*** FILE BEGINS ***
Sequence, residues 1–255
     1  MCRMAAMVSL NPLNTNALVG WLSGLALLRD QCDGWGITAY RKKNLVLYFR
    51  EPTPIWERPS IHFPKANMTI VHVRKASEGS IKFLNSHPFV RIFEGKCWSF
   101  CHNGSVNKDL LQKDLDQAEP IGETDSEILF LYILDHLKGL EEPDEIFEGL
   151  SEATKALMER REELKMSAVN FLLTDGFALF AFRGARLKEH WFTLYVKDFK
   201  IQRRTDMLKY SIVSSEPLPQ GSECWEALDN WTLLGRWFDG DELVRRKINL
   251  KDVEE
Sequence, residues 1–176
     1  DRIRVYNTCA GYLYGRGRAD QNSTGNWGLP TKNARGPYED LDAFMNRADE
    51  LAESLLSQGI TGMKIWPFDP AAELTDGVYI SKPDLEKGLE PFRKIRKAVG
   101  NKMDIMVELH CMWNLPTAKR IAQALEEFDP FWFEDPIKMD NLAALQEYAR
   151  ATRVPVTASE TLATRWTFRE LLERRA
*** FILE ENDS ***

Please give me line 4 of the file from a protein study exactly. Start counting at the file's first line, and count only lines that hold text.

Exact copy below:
   101  CHNGSVNKDL LQKDLDQAEP IGETDSEILF LYILDHLKGL EEPDEIFEGL